Review: Shakespeare in Love at Cambridge Arts Theatre when women were Bard from the stage
- Credit: Pete Le May
Like the film of the same name - and similarly the hit BBC Television series Upstart Crow, the stage version of Shakespeare in Love, draws a lot of plot and humour from women not being allowed to perform on the Elizabethan stage. This play has a slow and laboured start. Interestingly, it takes off when a woman takes the stage. When would-be actress, Viola de Lesseps (played nicely by Imogen Daines) starts reciting Shakespeare’s lines, the play takes life. I would start it from there.
Up until that point, neighbours you are tedious. We are never going to believe that Shakespeare stumbled over writing his sonnets coming up with the words half a sylable at a time.
Viola, dressed as a boy. is auditioning for one of Will’s plays, later they meet and fall in love. It’s complicated, of course. The fact of Shakespeare already being married to Anne Hathaway, who we never see, is dealt with. The marriage is dead apparently. So that’s alright, but they can’t get over the fact that Viola’s father has promised her to the darstardly Lord Wessex.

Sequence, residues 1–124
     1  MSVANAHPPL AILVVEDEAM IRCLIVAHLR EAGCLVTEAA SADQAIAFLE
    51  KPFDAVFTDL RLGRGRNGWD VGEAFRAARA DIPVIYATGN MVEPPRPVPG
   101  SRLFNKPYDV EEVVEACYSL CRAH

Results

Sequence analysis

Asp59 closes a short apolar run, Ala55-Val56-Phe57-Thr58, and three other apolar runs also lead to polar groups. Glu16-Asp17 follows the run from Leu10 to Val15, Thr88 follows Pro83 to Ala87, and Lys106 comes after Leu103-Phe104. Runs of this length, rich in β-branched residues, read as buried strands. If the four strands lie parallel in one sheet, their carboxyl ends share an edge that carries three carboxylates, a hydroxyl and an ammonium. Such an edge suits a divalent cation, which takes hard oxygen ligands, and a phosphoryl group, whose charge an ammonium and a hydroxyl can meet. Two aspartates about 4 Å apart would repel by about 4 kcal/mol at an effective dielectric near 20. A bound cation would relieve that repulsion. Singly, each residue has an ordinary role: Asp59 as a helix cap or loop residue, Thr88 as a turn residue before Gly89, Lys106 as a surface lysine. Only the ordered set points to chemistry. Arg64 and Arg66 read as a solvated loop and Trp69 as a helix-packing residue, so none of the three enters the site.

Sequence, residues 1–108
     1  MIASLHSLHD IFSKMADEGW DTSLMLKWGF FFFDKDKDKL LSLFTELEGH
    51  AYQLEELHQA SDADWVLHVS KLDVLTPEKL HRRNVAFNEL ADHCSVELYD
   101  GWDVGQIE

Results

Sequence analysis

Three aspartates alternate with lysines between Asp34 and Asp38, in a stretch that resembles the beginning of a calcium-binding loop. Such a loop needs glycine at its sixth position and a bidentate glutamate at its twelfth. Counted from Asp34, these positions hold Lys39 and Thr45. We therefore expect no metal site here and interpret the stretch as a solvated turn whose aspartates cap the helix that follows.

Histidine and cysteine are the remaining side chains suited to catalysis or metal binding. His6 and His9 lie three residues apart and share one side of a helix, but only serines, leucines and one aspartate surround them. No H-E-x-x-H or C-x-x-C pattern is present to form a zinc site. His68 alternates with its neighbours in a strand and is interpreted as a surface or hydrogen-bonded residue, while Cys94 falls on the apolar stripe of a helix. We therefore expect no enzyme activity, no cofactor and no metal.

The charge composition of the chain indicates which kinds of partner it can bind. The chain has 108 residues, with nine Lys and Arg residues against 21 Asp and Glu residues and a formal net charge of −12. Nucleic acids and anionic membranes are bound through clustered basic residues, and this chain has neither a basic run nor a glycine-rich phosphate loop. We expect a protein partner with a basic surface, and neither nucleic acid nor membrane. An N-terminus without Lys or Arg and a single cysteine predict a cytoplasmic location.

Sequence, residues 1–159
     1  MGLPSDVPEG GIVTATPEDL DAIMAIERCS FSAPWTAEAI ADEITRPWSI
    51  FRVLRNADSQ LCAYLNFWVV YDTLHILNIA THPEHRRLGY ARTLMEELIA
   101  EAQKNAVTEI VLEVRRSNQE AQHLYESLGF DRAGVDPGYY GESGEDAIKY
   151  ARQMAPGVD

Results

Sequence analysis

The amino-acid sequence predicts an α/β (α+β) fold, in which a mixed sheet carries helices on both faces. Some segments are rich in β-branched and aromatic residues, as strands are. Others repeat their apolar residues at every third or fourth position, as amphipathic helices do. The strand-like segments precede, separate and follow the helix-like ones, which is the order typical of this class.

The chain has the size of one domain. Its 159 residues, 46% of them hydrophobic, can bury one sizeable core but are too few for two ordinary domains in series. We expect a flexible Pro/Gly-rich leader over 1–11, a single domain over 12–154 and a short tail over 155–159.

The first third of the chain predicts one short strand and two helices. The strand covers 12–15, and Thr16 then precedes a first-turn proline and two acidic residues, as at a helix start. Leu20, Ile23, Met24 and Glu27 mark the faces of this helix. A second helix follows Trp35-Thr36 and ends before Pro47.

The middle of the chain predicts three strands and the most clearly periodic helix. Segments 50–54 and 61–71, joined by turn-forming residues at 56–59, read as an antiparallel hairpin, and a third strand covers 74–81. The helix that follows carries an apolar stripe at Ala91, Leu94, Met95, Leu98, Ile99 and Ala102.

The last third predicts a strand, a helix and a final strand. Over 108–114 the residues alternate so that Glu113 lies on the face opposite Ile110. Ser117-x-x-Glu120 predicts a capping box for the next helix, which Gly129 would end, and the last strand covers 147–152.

This play, like the film, is fun. A lot of Shakespeare’s lines are quoted in it from various plays, but mainly from Romeo and Juliet, though here it is called Romeo and Ethel because it still needed work.
We have a girl dressed as a boy and several boys dressed as girls. Philip Labey is particularly good value as Sam, whose voice is about to break which makes playing Juliet very awkward for him. Edmund Kingsley as Kit Marlowe and Rowan Polonski as the actor Ned Alleyn are splendid fun - really slick, accomplished and very funny performances.
Geraldine Alexander is wonderful as both a very regal and intimadating Queen Elizabeth I and in complete contrast, a cosy, slightly west country Nurse.
There is impressive music and lively dancing and altogether this is a rather charming, ensemble piece.
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Shakespeare in Love is at Cambridge Arts Theatre until Saturday, November 10.